“It’s a man’s world” in which we speak about career women and working mums, whilst not even having an expression for career men and working dads. Michael Phelps wasn’t particularly recognized as a “swimming dad”. Ginny Trasher is not “a girl with a gun” but an Olympic gold winning shooter.
In an interview, Serena Williams was asked “There will be talk about you going down as one of the greatest female athletes of all time. What do you think about when you hear someone talk like that?” Williams responded, “I prefer the words ‘one of the greatest athletes of all time.’”
On the same note, Drew Gilpin Faust comes to mind when she said, “I’m not the woman President of Harvard, I’m the President of Harvard.”
Another theme the Olympics and especially the US women’s soccer team brought to the whole world’s attention is the general gender pay gap. While men earn one dollar, women earn 77 cents. Maybe that’s why we describe work as “manpower” and “man days”. No joke!
Equal Pay Day is celebrated on April 12, which symbolizes how many more days into the year women have to work to earn what men have earned in the previous year. This day marks the additional 23%. It’s about time that CEOs, politicians and others in power go beyond hierarchies, promote equal pay and close that gap.
Beyond Two Sexes
When is a woman a woman? When is a man a man?
And maybe even this question is already nonsense.
It’s important to express that all these examples and suggestions are inspired on the basis of the fe/male dichotomy. Being aware of them and changing them are two important steps forward regarding this necessary transition. Femininity and masculinity are not two poles of one dimension, they are actually two different dimensions. Human beings are not either or (and not a third sex in between), they are a unique variation.
These Olympic Games brought attention to this fallacy of sex and gender binaries and reminded us that we all need a more nuanced understanding of the sex and gender spectrum. We are speaking about gender diversity.
Let’s continue this conversation.
For Diversity?—?We Are in This Together
By diving deeply into how we speak about women and men in different areas of our lives, this article seeks to increase our awareness for gender specific formulations in our day-to-day language, going far beyond the Olympic Games.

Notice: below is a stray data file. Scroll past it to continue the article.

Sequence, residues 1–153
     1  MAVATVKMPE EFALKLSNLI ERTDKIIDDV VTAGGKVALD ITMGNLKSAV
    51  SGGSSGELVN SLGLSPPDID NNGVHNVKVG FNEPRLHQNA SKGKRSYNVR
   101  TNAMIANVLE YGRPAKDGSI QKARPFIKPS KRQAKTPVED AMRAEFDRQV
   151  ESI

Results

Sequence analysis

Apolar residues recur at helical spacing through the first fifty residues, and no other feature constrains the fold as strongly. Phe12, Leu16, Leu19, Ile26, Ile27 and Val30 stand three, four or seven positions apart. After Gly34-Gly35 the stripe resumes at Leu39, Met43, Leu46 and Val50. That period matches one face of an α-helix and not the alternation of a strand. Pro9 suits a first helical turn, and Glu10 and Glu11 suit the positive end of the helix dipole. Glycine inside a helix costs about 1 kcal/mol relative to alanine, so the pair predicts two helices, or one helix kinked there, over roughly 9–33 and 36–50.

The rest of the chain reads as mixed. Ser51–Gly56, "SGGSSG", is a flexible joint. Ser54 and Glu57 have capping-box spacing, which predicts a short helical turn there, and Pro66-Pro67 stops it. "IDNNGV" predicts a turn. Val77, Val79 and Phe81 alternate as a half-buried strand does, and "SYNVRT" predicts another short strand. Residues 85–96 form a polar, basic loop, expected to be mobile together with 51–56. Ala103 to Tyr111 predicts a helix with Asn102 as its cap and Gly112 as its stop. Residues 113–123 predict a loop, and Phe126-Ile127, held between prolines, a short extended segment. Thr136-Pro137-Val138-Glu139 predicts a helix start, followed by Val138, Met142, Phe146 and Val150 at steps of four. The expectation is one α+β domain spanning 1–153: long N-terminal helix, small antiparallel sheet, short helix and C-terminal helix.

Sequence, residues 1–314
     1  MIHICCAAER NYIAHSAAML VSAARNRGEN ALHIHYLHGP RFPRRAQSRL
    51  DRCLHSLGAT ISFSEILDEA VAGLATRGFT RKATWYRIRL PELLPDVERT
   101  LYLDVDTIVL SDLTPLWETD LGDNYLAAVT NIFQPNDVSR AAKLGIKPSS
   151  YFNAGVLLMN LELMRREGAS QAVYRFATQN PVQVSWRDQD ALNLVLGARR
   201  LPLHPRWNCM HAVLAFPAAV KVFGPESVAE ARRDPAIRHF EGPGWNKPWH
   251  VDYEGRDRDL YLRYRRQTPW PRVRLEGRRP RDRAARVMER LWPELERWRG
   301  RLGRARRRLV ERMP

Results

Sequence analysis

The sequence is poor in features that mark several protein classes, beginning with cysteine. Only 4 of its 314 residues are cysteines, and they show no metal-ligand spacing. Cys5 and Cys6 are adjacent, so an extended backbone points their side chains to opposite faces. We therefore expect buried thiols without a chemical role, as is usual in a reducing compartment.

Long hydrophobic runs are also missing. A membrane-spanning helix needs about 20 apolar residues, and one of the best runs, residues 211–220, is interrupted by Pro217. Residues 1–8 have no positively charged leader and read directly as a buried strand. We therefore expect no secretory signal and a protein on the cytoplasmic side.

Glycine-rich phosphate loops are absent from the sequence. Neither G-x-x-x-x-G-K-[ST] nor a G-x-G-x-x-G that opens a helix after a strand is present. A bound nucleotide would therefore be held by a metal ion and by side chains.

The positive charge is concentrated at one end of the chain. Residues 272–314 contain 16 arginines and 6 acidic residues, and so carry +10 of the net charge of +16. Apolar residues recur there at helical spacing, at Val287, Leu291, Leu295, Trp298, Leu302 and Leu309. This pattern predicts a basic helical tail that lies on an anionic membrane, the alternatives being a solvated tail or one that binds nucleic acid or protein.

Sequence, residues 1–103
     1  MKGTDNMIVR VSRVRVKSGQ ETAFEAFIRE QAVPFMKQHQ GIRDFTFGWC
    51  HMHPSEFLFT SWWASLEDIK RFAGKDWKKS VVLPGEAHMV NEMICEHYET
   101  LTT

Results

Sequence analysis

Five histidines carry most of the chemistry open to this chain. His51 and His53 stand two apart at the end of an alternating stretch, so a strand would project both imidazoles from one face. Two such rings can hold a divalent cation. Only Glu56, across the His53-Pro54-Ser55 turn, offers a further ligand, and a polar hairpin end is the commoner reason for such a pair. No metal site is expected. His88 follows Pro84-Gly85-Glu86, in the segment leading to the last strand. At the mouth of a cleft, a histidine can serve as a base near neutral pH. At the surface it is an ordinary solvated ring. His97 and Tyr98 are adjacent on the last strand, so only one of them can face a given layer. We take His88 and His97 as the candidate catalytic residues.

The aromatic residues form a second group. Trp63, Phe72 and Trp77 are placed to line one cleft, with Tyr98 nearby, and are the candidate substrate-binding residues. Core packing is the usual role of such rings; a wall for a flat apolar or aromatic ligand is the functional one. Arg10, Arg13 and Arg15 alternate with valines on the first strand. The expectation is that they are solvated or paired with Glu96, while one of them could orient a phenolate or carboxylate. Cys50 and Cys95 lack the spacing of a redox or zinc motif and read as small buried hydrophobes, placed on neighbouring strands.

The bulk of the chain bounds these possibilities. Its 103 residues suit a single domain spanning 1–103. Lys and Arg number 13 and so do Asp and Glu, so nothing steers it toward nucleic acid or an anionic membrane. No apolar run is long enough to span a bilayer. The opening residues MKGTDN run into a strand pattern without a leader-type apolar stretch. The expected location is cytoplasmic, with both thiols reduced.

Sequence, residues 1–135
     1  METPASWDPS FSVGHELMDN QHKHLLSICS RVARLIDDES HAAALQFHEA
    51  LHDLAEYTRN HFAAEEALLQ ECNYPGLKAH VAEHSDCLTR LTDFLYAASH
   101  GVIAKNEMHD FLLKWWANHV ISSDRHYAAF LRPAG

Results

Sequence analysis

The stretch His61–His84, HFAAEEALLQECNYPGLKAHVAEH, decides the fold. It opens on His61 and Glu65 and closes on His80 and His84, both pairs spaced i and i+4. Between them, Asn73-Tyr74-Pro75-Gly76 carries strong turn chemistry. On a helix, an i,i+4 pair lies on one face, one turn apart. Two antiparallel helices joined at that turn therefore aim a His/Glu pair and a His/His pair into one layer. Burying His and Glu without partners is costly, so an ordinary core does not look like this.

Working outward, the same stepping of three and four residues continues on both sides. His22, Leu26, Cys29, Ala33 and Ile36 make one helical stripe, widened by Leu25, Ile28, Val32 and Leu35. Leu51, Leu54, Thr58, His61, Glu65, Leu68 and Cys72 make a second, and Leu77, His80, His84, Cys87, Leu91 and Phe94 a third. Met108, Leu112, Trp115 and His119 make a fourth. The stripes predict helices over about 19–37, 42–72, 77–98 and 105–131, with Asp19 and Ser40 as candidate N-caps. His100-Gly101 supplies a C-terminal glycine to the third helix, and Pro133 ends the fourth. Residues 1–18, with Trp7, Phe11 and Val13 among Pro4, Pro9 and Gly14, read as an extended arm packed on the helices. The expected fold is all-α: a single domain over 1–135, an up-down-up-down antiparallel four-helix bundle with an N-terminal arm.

It’s high time we acknowledge gender diversity, to formulate a gender-neutral language beyond sex and gender stereotypes, honoring all human beings, and promote and cherish diversity in all areas of life worldwide.
Let’s transcend into a new way of living and relating with each other. This includes a more conscious way of expression with an intentional choice of words.
The invitation is to adopt a peaceful language (no more “fights”, “struggles”, “battles”, “combatting”, “winning” and “losing”). Let’s go beyond the dichotomies, binaries, polarities of “us versus them” and even “us and them” and reach the “we”. We are all response-able to support the very important work that needs to be done for an embodied integration of human diversity. It’s about a cultural evolution. We are the authors of our realities.
We have a choice to express the change we wish to see in this world, day-by-day and word-by-word.
Call to Action
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Claudia Gross is the author of the article “Brave New Words”, published on Dec. 10, 2015 in the Great Work Cultures blog of the Huffington Post. She is an Organizational Development Consultant, Management Trainer, Transformation Catalyst, Social Processes Facilitator and Host. She has a vast working experience in Germany, the Maghreb, the Middle East and Sub-Saharan Africa (www.claudiagross.com). Claudia is both the founder of human-centered Organizational Governance (www.hcOrG.com) promoting life at work, and the initiator of speakGreen which is offering a new emerging vocabulary that is providing a generative, constructive language for the future (www.speak-Green.com).